STEM Galore with OneCar and More!


by Priscilla Robinson

If you teach STEM,  you’ll want to learn about the OneCar system.

The performance components in the Next Generation Science Standards (NGSS) have spawned many wonderful chances to explore STEM in the classroom.  The STEM curriculum is based on the idea that an interdisciplinary, applied approach is the best way to teach students these four specific disciplines.   When your students are searching for solutions to real-world problems, they are more engaged, and their learning is more authentic.

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Fidget Spinners, Physics, and Sir Isaac Newton


by Ted BeyerTed Beyer, Educational Innovations, Inc.

Fidget spinners are the latest fad to sweep, seemingly, the world. Love them or hate them, they are everywhere—on playgrounds, in backyards, living rooms, and even schools, although many schools have banned them as being distractions.  But wait just a minute here!  For once, let’s see if we can’t use a fad to teach something.  You see, there is actually a fair bit of science lurking in those spinney things.

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Using the ZigZag Density Tumbler In (and Out) of the Classroom


by Linda Dunnavant

The ZigZag Density Tumbler is an elegant desk “toy” and much more.  Turn the tumbler over and watch two different colors of droplets float down in a relaxing zigzag pattern.  I like to keep mine on my desk.  I often pick it up and watch it while I clear my head.  Not only is the tumbler a soothing, relaxing activity for busy adults, but it also provides so many possibilities for calming, inspiring, and teaching students. Read the rest of this entry »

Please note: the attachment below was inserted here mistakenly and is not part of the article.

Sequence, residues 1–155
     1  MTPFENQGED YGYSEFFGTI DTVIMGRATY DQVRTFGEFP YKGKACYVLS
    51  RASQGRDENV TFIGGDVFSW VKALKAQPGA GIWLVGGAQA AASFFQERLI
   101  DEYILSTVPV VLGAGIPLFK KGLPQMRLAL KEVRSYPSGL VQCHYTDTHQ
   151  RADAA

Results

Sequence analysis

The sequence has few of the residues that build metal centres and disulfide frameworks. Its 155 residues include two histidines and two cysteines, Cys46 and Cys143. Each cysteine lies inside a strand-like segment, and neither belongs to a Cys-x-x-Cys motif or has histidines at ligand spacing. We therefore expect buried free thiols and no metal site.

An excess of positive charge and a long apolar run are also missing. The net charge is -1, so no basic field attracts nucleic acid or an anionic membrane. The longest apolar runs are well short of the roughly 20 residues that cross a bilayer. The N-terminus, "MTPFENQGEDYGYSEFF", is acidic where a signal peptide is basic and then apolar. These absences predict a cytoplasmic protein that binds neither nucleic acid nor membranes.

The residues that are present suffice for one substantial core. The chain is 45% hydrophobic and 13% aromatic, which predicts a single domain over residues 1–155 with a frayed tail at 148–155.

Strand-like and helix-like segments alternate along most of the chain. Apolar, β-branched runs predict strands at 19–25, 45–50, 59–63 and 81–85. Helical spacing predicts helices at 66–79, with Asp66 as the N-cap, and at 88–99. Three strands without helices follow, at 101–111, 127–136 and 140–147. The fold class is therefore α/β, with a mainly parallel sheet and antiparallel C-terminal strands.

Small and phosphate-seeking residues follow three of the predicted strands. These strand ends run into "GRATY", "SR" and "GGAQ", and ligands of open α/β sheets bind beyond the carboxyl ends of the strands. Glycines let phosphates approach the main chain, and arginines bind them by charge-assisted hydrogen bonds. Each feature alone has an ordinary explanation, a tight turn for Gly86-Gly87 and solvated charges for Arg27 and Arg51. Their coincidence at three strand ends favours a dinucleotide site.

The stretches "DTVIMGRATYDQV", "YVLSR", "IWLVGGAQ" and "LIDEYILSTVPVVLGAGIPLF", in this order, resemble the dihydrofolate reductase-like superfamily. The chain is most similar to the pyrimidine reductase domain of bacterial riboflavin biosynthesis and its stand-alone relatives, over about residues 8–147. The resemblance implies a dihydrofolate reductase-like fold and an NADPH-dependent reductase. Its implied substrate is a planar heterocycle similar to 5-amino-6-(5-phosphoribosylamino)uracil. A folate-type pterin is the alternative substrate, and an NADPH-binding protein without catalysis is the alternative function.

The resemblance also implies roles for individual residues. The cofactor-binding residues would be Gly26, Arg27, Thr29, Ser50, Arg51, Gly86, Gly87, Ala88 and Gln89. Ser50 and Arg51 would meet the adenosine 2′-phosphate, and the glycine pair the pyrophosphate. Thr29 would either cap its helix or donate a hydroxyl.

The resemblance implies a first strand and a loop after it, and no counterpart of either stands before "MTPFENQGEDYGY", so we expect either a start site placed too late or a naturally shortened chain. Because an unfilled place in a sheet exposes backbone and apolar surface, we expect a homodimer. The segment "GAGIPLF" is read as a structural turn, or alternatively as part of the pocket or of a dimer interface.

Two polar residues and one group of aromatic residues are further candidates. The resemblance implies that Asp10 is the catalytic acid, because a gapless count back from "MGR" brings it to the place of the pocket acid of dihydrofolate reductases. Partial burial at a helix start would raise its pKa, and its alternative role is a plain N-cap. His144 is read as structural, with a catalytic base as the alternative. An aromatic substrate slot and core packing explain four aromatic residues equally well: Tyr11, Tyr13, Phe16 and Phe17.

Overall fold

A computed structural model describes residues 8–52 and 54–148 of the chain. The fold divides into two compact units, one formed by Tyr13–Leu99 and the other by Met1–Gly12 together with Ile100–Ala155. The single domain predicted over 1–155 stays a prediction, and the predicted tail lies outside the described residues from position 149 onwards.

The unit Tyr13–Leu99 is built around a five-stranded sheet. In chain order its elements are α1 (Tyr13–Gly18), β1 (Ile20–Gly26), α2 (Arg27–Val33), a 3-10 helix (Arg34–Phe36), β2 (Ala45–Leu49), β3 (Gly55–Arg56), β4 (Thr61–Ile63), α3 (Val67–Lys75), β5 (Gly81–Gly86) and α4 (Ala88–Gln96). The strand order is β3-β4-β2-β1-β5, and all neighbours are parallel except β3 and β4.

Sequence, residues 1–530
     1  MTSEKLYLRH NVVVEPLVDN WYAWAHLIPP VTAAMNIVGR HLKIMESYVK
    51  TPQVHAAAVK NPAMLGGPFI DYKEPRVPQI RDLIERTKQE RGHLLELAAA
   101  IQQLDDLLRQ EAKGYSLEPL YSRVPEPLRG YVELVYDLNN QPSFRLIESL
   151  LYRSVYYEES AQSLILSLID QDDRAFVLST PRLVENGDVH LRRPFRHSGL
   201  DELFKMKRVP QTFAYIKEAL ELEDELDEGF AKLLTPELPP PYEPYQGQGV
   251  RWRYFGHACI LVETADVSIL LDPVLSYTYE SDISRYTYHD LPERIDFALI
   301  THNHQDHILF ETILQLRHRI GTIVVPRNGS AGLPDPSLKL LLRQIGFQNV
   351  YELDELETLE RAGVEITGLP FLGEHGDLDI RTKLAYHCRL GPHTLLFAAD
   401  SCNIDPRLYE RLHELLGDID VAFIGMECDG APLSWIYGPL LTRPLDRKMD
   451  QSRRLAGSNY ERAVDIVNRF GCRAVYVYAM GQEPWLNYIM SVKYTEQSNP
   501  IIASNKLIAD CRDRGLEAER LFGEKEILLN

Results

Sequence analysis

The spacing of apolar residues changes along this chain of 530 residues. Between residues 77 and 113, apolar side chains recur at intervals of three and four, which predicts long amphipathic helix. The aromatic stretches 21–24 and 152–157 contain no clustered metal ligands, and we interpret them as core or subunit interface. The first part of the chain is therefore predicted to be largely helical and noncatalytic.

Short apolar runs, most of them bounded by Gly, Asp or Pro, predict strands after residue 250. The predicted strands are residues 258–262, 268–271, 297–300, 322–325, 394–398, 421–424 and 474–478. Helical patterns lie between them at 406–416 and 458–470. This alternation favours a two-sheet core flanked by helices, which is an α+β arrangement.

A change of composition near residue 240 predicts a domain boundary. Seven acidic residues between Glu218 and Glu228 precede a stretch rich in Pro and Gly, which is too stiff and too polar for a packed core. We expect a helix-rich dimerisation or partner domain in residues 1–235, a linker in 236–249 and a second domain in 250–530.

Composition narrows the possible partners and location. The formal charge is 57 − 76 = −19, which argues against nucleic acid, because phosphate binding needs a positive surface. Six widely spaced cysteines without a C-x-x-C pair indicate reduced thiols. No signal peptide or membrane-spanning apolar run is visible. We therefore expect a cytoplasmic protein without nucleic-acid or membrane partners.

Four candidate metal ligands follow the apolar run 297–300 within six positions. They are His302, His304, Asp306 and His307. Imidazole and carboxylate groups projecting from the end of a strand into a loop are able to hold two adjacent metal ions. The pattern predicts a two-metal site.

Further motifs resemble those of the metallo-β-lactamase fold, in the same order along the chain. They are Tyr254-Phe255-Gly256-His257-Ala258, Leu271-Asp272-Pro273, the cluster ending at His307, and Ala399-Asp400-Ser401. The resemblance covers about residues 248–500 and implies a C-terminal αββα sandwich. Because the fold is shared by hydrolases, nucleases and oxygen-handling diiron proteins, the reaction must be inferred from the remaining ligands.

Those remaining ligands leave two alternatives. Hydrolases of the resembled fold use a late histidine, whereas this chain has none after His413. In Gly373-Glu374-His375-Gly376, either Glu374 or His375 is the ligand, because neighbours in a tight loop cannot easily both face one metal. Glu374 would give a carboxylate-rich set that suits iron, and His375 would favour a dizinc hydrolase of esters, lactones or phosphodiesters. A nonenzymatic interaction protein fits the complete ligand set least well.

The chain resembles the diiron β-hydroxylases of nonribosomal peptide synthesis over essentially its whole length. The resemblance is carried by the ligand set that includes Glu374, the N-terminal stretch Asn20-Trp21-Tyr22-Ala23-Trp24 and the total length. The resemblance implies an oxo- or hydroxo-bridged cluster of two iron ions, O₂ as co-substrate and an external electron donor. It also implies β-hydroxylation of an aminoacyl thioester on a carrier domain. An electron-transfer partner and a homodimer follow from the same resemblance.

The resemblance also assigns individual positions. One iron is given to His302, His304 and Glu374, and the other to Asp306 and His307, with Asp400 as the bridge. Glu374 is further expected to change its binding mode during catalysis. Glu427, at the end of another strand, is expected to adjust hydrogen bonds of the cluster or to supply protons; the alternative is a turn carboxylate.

Center of Mass Challenge


By Jeremy Johnson

In my 13 years of classroom teaching experience, I’ve learned a few tricks to keep my students from becoming overwhelmed—or bored—by their science textbooks.  One of my favorite tricks is to get my kids up on their feet, doing science instead of reading about it.

When I teach about gravity and center of mass, for example, I like to shake things up by turning our classroom into an impromptu biokinetics lab.  I challenge my students to perform a series of seemingly simple physical tests, described below.  Lift a chair?  Raise your leg?  Pick up a quarter?  No problem!  (Or so they think…)

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First Graders and the Drinking Bird: A Love Story


First Graders & the Drinking Bird: A Love Story - Educational Innovations Blogby John Frassinelli

Having first seen a “drinking bird” in elementary school myself, I had never forgotten it.  Our teacher, I think, had placed one on the windowsill.  We had no air conditioning in those days, and the windows actually opened!  Air circulated through the room, and that probably influenced the bird.  I think it’s too bad that many classrooms are hermetically sealed these days, but we do what we can.

Recently I decided to introduce my first graders to my old friend, the Drinking Bird.   I bought a few birds and fooled around with them, making sure each one would “drink” as it was supposed to.  I learned that some birds need a bit of adjustment—their centers of mass might be too high or too low.  But this is easily remedied by gently twisting the bird’s body and raising (or lowering) it on its metal clasp.

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